Marlon A. Cicero, one of these demonstrators,described intense hostility leveled against hisgroup, including racial epithets. One member ofthe group was spat upon, he said.

In a phone interview before last night'sarrests, Cicero said many students are favor ofProp. 209. The interview was cut short by thearrival of television crews to cover yesterday'sprotest.

As tension increased between the police and theprotesters Friday afternoon, three students werearrested for resisting.

Beginning yesterday morning with a rally andthen marching to Royce Hall, the students issued astatement vowing to "occupy Royce Hall for anindefinite period of time."

Although scores of students have been arrestedand Royce Hall has been cleared of demonstrators,protesters' core concerns remain to addressed.According to Miller, both sides will meet againtoday to discuss the students' other demands

Reminiscent of the 1969 student takeover ofHarvard's University Hall, hundreds of UCLAstudents took over Royce.

They demanded that Carnesale "release astatement of non-compliance in defiance ofProposition 209, radically reform currentadmissions policies, establish outreach centers ineducationally disadvantaged areas of Los AngelesCounty, and publicly state his opposition toProposition 209," according to a press releaseissued by UCLA's Affirmative Action Coalition.

For the first time, students were admitted tothe University of California system this yearwithout consideration of race, ethnicity orgender. Under the new policy, admissions ofminorities fell at most UC campuses. At UCLA,admissions of black students fell by 43 percentand Latino students fell by 33 percent.

When these figures were published, UCLAstudents began calling for Carnesale to take astand against the measure. Before yesterday, hehad released a number of statements which calledfor adherence to the law without taking a positionfor or against it.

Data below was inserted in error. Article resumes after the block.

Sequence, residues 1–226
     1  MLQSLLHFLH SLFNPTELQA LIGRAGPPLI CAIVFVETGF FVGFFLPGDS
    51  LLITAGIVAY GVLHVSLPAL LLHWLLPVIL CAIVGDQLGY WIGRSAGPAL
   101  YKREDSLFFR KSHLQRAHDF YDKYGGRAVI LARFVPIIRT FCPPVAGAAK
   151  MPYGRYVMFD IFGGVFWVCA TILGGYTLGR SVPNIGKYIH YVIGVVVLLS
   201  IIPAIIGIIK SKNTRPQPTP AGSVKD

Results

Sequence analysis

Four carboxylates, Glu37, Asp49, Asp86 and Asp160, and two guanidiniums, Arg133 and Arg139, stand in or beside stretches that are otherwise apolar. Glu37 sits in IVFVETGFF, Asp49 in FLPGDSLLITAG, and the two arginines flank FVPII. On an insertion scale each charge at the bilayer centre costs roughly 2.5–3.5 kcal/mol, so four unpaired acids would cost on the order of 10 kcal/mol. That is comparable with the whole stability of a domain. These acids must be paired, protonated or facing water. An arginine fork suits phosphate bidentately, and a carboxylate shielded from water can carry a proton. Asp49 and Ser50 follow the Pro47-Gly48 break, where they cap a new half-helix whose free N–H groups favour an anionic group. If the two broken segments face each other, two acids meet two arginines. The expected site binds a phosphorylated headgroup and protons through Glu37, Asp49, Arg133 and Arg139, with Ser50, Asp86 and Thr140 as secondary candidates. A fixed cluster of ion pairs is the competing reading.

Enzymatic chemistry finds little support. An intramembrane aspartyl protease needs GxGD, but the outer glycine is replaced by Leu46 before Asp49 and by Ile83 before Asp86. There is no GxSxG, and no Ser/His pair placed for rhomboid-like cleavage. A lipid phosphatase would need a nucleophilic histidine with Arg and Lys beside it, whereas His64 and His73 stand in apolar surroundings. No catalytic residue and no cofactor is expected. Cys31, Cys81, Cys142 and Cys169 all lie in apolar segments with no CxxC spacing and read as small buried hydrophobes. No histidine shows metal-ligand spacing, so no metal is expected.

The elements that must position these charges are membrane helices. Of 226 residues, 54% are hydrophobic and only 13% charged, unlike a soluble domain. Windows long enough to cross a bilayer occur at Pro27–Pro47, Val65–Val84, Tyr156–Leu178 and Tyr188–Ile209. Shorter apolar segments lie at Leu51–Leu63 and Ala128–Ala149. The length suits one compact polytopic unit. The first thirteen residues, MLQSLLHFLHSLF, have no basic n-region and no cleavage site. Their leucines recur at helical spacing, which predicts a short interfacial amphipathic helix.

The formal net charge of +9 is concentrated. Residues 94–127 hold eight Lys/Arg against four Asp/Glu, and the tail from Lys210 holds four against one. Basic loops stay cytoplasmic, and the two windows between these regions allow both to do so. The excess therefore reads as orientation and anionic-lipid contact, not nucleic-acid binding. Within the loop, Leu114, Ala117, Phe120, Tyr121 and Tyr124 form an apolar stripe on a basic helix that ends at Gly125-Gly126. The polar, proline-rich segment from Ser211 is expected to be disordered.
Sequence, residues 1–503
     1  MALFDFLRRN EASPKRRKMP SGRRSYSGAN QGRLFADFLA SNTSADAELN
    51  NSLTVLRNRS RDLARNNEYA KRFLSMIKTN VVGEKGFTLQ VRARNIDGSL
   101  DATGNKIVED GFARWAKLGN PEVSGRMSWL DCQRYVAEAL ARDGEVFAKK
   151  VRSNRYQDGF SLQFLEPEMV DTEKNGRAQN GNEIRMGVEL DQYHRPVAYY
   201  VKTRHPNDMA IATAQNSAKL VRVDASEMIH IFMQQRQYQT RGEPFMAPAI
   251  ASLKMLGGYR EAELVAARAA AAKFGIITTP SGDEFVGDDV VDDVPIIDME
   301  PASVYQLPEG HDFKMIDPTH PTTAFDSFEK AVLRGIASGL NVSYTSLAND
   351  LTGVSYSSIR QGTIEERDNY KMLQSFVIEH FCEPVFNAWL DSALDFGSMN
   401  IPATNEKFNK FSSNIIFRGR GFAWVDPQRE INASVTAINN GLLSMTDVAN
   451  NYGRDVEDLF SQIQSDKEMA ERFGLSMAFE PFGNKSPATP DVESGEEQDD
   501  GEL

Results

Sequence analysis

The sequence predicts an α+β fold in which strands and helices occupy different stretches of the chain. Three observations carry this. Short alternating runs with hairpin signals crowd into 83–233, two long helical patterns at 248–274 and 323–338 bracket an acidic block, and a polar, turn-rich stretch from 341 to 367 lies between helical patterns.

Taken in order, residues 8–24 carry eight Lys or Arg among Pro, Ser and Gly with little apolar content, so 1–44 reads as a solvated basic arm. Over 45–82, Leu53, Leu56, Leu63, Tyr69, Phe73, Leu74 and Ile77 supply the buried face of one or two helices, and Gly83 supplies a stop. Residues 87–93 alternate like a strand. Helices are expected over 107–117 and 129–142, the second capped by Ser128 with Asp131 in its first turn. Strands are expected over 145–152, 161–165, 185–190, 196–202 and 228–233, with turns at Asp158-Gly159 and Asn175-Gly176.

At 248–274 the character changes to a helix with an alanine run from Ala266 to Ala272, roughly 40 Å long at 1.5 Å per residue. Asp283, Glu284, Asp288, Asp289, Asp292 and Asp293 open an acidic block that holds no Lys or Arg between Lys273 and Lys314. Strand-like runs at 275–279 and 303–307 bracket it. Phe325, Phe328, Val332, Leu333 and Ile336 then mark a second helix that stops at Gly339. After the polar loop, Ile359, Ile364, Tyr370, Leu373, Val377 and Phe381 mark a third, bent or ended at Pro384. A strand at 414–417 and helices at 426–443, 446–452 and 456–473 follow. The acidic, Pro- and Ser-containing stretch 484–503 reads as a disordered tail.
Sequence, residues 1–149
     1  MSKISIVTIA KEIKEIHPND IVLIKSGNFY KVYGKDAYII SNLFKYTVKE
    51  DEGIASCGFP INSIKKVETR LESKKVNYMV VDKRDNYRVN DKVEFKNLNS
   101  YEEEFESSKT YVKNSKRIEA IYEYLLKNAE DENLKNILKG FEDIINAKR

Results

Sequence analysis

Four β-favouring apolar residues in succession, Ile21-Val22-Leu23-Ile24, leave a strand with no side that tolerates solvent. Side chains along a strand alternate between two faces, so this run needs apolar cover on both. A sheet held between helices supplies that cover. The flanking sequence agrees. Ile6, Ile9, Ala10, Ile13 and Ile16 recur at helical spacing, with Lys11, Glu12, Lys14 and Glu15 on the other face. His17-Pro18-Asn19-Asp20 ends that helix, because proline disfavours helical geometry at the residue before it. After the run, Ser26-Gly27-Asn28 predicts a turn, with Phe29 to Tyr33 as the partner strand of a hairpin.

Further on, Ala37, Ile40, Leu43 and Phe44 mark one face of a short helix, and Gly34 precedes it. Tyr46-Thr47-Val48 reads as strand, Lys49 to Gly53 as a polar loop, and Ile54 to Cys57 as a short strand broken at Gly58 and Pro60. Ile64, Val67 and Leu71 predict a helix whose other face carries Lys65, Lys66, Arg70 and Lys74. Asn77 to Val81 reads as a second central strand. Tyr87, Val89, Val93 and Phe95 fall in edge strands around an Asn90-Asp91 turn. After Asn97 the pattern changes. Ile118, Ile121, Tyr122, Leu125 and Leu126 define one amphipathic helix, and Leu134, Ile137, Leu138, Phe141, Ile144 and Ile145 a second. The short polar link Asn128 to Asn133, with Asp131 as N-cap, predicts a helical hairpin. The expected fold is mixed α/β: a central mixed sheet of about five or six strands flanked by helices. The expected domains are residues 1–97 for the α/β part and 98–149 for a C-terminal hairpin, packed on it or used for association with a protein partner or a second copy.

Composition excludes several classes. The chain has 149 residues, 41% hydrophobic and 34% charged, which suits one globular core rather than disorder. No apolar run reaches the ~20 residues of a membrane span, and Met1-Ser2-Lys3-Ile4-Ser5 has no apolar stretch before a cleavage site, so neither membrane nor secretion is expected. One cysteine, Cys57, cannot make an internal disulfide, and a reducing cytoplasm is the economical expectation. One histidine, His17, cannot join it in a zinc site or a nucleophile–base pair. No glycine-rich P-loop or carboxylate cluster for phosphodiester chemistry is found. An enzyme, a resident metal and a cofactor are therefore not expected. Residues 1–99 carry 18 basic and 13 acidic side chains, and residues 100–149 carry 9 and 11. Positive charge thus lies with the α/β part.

Unable to get a response from the chancellor,student groups, including UCLA's studentgovernment, organized protests against Carnesaleto coincide with his inauguration.

During the festivities and ceremonies, 300students protested his inauguration with chants,signs and speakers who compared the proposition toJim Crow laws.

Before Carnesale spoke, some students wereremoved from Royce Hall, and others were barredfrom re-entry, preventing them from hearing hisplan for his tenure.

"As you know, there is a bunch of bullshitgoing on in there," student body president KendaroMosely said to the Daily Bruin, UCLA's campusdaily.

Carnesale's position stands in direct contrastto Harvard President Neil L. Rudenstine's chargeto protect affirmative action nationwide.

Earlier this month, the House ofRepresentatives defeated the Riggs Amendment tothe Higher Education Act, which would have endedfederal funding to schools which continued to useaffirmative action in admissions. Rudenstine waswidely cited for playing a role in the amendment'sdefeat. He used a number of mechanisms, includingHarvard's institutional weight, to combat themeasure.

In contrast, Carnesale has taken a standopposite that of Rudenstine's on this issue.

But the anti-Carnesale sentiment has not beenthe only one voiced on campus. Outside theinauguration building on Friday, pro-Carnesale andpro-Prop. 209 students also demonstrated.

Marlon A. Cicero, one of these demonstrators,described intense hostility leveled against hisgroup, including racial epithets. One member ofthe group was spat upon, he said.

In a phone interview before last night'sarrests, Cicero said many students are favor ofProp. 209. The interview was cut short by thearrival of television crews to cover yesterday'sprotest.

As tension increased between the police and theprotesters Friday afternoon, three students werearrested for resisting.

Beginning yesterday morning with a rally andthen marching to Royce Hall, the students issued astatement vowing to "occupy Royce Hall for anindefinite period of time."

Although scores of students have been arrestedand Royce Hall has been cleared of demonstrators,protesters' core concerns remain to addressed.According to Miller, both sides will meet againtoday to discuss the students' other demands